Lilium, Lufthansa Working on Strategic Partnership for European Air Taxis

Lufthansa, one of Europe’s largest airlines, previously launched an initiative aimed at slashing its carbon emissions in half by 2030.

Lilium Lufthansa eVTOL jet

A prototype of Lilium’s flagship, seven-seat Lilium Jet soars over the Spanish countryside during flight testing. [Courtesy: Lilium]

Within hours of the announcement that its flagship aircraft is ready for production, German electric vertical takeoff and landing (eVTOL) air taxi manufacturer Lilium secured an agreement with one of Europe’s largest airlines.

The company on Thursday announced that it had signed a memorandum of understanding (MOU) with Lufthansa, Germany’s flag carrier, to explore a potential strategic partnership that would bring eVTOL aircraft to Europe. Combined with its subsidiaries, Lufthansa is one of the largest European airlines by passengers carried—and by some estimates the top dog.

The German airline’s fleet comprises more than 700 commercial aircraft. But as part of a strategy to reduce fleet emissions and improve cost-efficiency, the company has been snapping up new aircraft—such as the Airbus A350-900 or Boeing 777-9—that it says deliver 30 percent lower carbon emissions and fuel consumption than predecessors. 

Now, zero-emissions aircraft are in its crosshairs. The airline hopes to slash carbon emissions in half by 2030 and become completely carbon-neutral by 2050.

“Innovation is part of our DNA,” said Dr. Detlef Kayser, a member of Lufthansa’s executive board who oversees fleet and technology. “The Lufthansa Group aspires to be a global leader in the integration of state-of-the-art products and processes. We want to develop aviation further and drive the transformation of the industry… Only with innovation, courage and determination can we, as an industry, make aviation more sustainable and master the challenges of the future.”

Lilium and Lufthansa want to examine ways the European aviation industry can innovate in areas such as ground and flight operations, aircraft maintenance, crewing, and flight training, the companies said. Should the manufacturer and the airline enter into a strategic partnership, as has been proposed, the two also want to loop in third parties, such as airports and regional partners.

Those collaborations could lead to the development of crucial advanced air mobility (AAM) infrastructure: vertiports, electric aircraft chargers, and the like. The firms also intend to work with third parties to tackle airspace integration and define clear operational processes—if the partnership comes to fruition.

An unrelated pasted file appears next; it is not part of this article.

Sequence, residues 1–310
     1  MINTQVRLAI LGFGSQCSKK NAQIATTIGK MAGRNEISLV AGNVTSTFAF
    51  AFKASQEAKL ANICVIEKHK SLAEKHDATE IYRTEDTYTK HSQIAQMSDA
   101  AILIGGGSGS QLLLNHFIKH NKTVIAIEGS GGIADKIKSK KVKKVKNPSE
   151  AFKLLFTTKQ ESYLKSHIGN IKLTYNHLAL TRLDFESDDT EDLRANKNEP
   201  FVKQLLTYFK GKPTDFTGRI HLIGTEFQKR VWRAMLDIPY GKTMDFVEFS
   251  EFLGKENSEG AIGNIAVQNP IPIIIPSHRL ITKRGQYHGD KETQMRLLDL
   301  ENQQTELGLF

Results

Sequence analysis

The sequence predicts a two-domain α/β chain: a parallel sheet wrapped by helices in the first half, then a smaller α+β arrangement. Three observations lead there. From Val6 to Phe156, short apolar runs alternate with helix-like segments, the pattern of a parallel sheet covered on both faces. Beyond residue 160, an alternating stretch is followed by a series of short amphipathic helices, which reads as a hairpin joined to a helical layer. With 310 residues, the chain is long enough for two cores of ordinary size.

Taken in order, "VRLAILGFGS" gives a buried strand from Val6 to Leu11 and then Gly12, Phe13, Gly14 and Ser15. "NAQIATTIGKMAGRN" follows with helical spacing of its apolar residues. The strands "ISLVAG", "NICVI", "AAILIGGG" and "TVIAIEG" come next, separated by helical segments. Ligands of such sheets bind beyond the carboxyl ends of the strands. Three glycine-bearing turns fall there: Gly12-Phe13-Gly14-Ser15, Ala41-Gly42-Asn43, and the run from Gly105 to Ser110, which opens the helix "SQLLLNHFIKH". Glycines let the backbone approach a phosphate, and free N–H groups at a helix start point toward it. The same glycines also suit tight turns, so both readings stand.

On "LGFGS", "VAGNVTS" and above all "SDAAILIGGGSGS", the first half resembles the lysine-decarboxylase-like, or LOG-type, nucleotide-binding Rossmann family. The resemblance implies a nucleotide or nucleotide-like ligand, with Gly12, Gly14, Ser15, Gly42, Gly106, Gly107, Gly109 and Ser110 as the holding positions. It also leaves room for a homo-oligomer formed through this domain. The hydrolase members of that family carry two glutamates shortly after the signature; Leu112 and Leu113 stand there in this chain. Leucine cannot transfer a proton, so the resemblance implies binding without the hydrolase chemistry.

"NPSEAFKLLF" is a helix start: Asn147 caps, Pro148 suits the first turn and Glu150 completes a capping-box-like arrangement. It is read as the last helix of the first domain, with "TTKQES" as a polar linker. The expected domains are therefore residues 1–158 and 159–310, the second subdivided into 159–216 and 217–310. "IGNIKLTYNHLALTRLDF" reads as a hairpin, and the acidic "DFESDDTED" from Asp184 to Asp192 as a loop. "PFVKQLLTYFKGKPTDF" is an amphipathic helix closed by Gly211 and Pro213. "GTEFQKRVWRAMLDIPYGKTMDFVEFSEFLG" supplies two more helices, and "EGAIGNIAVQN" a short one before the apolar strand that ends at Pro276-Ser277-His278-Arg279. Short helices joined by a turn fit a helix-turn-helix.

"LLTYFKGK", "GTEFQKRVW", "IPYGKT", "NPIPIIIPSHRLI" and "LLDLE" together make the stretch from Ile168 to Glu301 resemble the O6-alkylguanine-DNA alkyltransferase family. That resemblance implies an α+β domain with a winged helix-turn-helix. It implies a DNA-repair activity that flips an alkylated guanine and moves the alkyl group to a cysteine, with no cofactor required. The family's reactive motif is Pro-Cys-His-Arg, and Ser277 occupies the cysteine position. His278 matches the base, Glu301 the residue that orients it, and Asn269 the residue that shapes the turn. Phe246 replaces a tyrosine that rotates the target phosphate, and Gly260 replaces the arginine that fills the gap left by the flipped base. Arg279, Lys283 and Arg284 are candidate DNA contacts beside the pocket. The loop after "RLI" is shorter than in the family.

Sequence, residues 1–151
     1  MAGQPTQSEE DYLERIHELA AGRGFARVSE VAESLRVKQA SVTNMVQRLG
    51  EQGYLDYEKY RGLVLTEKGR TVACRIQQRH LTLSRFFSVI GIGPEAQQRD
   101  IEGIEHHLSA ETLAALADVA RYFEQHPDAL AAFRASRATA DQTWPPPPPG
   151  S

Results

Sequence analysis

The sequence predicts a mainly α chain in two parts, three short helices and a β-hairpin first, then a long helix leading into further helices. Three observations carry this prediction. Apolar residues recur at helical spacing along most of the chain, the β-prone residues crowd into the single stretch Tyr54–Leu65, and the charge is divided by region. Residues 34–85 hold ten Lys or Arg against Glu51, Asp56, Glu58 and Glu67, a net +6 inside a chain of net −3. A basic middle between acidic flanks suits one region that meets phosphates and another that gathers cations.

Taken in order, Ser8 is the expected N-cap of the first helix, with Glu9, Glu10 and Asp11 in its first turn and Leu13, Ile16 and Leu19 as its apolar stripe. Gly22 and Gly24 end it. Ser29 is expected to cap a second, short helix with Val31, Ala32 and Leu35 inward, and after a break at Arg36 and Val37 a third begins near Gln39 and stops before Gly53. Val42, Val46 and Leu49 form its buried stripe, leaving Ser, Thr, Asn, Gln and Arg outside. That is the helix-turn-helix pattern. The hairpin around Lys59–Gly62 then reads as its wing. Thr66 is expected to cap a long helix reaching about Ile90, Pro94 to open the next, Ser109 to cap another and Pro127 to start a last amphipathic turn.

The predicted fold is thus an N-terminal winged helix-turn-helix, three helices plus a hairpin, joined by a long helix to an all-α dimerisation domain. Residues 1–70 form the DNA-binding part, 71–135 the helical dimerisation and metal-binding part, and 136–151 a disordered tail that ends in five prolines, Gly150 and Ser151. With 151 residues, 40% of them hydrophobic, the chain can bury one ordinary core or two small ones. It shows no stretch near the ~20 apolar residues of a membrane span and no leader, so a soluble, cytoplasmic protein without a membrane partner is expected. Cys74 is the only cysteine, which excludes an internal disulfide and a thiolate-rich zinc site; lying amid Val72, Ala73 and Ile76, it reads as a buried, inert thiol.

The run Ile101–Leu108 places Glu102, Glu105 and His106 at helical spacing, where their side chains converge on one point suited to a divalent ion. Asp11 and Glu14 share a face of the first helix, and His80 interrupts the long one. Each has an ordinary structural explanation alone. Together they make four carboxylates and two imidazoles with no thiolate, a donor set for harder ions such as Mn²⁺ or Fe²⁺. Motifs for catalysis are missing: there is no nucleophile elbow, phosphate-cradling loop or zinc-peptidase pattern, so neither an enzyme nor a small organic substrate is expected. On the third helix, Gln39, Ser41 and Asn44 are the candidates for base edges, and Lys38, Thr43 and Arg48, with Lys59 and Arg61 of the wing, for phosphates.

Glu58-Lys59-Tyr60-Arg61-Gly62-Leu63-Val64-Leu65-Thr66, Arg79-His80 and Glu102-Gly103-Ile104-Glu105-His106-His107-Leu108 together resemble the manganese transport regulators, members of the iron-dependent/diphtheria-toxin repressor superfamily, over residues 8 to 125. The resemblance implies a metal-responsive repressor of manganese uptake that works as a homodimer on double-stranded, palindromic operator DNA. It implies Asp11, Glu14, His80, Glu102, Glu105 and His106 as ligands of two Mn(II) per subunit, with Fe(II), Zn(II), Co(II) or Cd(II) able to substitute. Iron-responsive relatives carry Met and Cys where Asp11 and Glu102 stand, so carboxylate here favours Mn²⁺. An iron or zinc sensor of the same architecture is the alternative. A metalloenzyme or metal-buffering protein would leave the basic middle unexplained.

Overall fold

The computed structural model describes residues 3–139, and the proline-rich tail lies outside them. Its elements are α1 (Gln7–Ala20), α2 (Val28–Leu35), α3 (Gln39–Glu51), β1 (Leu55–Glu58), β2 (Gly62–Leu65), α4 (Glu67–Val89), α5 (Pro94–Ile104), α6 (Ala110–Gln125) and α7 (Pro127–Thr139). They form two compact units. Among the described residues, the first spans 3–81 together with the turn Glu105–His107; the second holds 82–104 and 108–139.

“The Lufthansa Group has been at the forefront of some of Europe’s most important aviation initiatives, especially in the area of environmental sustainability,” said Klaus Roewe, CEO of Lilium. “We are thrilled to explore opportunities on bringing eVTOL flights to Lufthansa Group customers.”

Lilium on Wednesday announced it began building the inaugural model of its flagship Lilium Jet, a seven-seat eVTOL air taxi designed for 25 to 125 sm (22 to 109 nm) trips between towns and inner cities.

According to the company’s internal projections, the European market is expected to demand around 9,200 eVTOLs through 2035. The manufacturer will compete with German air taxi rival Volocopter, and several other firms targeting European operations, to eat up market share.

To do so, it will first need to certify the Jet with the European Union Aviation Safety Agency (EASA). Lilium expects to conduct crewed flights with the regulator next year, and the campaign aims to culminate in type certification in 2025.

Last month, the firm notched another key milestone in that process by obtaining EASA design organization approval (DOA). The approval is essentially Lilium’s License to Operate: It grants the manufacturer authority to design and type certify the Jet for safe operations under the agency’s special condition for VTOL (SC-VTOL) rules. DOA is a rigorous process—and a requirement for type certification of EASA Part 21 commercial aircraft.

Simultaneously, Lilium is working to certify the Jet in the U.S. The manufacturer is the first and only eVTOL air taxi company with certification bases from both EASA and the FAA, setting it up for commercial launches in both markets in a few years. South Florida could be the firm’s U.S. launch market.

Lufthansa isn’t the only flag carrier Lilium has agreed to work with. Saudia, the national airline of Saudi Arabia, intends to purchase 100 Jets to build a nationwide eVTOL network.

The company’s largest agreement is with Brazil’s Azul: a billion-dollar commercial deal for the purchase of 220 aircraft. It’s also working with Chinese GA transport and helicopter services company Heli-Eastern to bring 100 Jets to the Guangdong-Hong Kong-Macau Greater Bay Area.

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Jack is a staff writer covering advanced air mobility, including everything from drones to unmanned aircraft systems to space travel—and a whole lot more. He spent close to two years reporting on drone delivery for FreightWaves, covering the biggest news and developments in the space and connecting with industry executives and experts. Jack is also a basketball aficionado, a frequent traveler and a lover of all things logistics.

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